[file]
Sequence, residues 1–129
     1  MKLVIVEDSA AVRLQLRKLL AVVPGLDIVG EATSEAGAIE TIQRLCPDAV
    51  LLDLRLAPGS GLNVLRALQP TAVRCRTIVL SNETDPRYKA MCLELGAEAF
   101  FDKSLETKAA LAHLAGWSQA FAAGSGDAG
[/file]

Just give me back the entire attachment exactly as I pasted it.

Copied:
Sequence, residues 1–129
     1  MKLVIVEDSA AVRLQLRKLL AVVPGLDIVG EATSEAGAIE TIQRLCPDAV
    51  LLDLRLAPGS GLNVLRALQP TAVRCRTIVL SNETDPRYKA MCLELGAEAF
   101  FDKSLETKAA LAHLAGWSQA FAAGSGDAG